When a saturated solution is carefully cooled, crystals may not sepa¬ rate out. Such a solution holds more solute than could normally be present at the same temperature. This solution is called supersaturated. The supersaturated solutions are unstable and become more unstable with the

increase in degree of supersaturation. Crystals do form ultimately when the solution becomes fairly cool. This phenomenon is of importance in sugar cookery. Several properties of solutions are particularly important in food prepa¬ ration. Amongst these are the colligative properties, such as vapour pressure, boiling point, freezing point and osmotic pressure (Belle, 1955). Vapour pressure The intermolecular forces in a liquid prevent escape of most molecules from the surface. However, due to molecular collisions some molecules have sufficient kinetic energy to escape from the liquid. This causes the evapora¬ tion of the molecules into the gaseous state. Any liquid therefore has above its surface a certain amount of pressure in the form of vapour. Vapour molecules move in all directions. Some of vapour molecules that strike the surface of the liquid get condensed. When the rate of evaporation and con¬ densation are equal, an equilibrium is established. The pressure exerted by vapour above the liquid when equilibrium exists is vapour pressure. The vapour pressure is temperature dependent. When a solid is dissolved in a volatile solvent the vapour pressure of the solution is less than the vapour pressure of the pure solvent because of the presence of solute molecules. In a solution, the number of solvent mol¬ ecules at the surface is reduced and therefore the rate of evaporation is less than for the solvent. The extent of lowering is proportional to the number of molecules of solvent compared with the total number of solvent plus solute molecules. For example, when equal quantities of sucrose and sodium chlo¬ ride are dissolved in a known amount of water at constant temperature, the lowering of the vapour pressure of water by sodium chloride is twice com¬ pared with that of sucrose, because sodium chloride contains 2-time more number of ions than of sucrose molecules in the solution. Properties of solution which depend on relative number of molecules present and not on their chemical nature are known as colligative properties. These properties hold good if the solution is dilute.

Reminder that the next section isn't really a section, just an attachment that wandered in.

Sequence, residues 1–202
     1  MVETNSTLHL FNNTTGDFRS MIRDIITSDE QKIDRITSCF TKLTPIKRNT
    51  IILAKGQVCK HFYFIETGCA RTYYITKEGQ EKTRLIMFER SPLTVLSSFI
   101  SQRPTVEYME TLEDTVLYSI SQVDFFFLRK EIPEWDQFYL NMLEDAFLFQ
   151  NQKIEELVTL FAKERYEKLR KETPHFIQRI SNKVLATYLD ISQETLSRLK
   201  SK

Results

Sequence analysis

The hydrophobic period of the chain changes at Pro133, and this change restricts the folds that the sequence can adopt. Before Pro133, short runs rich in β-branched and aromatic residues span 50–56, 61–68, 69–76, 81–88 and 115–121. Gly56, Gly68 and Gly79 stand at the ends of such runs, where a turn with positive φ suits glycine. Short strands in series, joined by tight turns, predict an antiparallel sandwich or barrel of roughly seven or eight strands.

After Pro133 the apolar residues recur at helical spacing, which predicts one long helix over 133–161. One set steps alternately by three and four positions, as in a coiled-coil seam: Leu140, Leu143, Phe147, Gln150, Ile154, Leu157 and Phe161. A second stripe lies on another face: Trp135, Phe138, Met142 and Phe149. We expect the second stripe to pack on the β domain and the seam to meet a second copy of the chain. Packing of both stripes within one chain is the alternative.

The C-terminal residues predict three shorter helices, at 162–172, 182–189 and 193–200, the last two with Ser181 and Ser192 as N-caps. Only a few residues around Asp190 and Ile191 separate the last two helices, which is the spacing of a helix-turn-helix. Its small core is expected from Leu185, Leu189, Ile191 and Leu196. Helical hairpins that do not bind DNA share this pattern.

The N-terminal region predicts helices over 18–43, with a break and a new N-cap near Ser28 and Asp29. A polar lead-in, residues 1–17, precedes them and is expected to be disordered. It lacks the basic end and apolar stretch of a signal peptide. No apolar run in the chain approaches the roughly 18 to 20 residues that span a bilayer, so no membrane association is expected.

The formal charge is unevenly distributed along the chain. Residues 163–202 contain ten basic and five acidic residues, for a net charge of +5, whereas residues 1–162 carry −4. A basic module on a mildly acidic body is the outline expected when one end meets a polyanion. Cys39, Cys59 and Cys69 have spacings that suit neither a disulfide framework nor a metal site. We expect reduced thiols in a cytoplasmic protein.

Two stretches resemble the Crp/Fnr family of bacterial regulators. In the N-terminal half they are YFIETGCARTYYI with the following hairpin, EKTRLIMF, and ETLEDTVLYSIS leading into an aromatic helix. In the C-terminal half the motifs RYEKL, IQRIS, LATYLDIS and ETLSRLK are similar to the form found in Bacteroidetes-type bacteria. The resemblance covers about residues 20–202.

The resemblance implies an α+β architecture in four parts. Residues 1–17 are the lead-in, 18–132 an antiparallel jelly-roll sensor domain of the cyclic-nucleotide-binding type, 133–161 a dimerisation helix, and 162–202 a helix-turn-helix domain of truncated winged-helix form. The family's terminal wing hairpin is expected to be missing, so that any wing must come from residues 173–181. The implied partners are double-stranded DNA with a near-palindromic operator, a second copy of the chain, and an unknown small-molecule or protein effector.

Boiling point A liquid boils when its vapour pressure is equal to the external pres¬ sure. The boiling point is thus constant for any external pressure. The nor¬ mal boiling point (BP) refers to an external pressure which is equal to the atmospheric pressure (760 mm Hg), which for water is 100°C. With an in¬ crease in pressure the boiling point increases, e.g. the boiling point of water at 770 mm is 100.37°C. In a pressure cooker, a greater external pressure


must be overcome and so the boiling point is elevated. At 103 kg/kolopascal, water boils at 121°C. Conversely, at a reduced atmospheric pressure, as in high altitudes, the boiling point is lowered. For each 290 m increase in

altitude above sea-level, the boiling point of water is lowered by 1°C. As already stated, dissolved substances reduce the vapour pressure of a solvent resulting in a higher temperature being required for a solvent to boil, i.e. dissolved substances elevate the boiling point. One mole of a non¬ volatile nonionizing solute raises the boiling point of a litre of water by 0.52°C. Ionic materials elevate the boiling point to a much higher extent than nonionizing substances. For example, sodium chloride forms two ions and calcium chloride three ions in solution and, if they undergo complete ioniza¬ tion, one mole of them could raise the boiling point of a litre of water by 1.04° and 1.56°C respectively. A knowledge of elevation in boiling point is useful in the processing of foods, such as jams, jellies, syrups, confectionery, etc., which are liquids at higher temperatures, to determine the concentration of sugars, and the properties the materials will have on cooling. Freezing point The freezing point of a material is the temperature at which it changes from a liquid to a solid. A liquid freezes when its vapour pressure is equal to the vapour pressure of its solid. The freezing point of water is 0°C. The freezing point of solvent is depressed when a solute dissolves in it. A mole of nonionizing solute in a litre of water depresses its freezing point by 1.80°C. A mole of sodium chloride or calcium chloride could depress it by 3.72°C and 5.58°C for reasons given under boiling point. The practical im¬ portance of this is that a mixture of ice, water and salt gives freezing mix¬ tures. Ice and water alone are in equilibrium at 0°C, but if salt is added some ice will melt to reduce the temperature to the new equilibrium posi¬ tion. Ice, salt and saturated salt solution (29 parts of salt to 71 parts of ice) gives a freezing mixture with a temperature of - 21°C and therefore is used in making home-made ice-cream. The freezing point of milk is 0.53°C which is determined by presence of its soluble constituents, lactose and salts. Since these soluble components vary in milk only slightly, the freezing point remains almost constant. This makes it possible to determine any dilution of milk. Addition of 1% by vol¬ ume of water to milk rises the freezing point by approximately 0.0055°C. Freezing is a means of preservation of food. Osmotic pressure

Osmosis is the flow of solvent into a solution, or from a more dilute solution to a more concentrated one, when the two liquids are separated from each other by a semi-permeable membrane. The membrane contains minute pores through which the solvent molecules can pass. The phenom-


enon of osmosis causes a change in the relative volume of the two liquids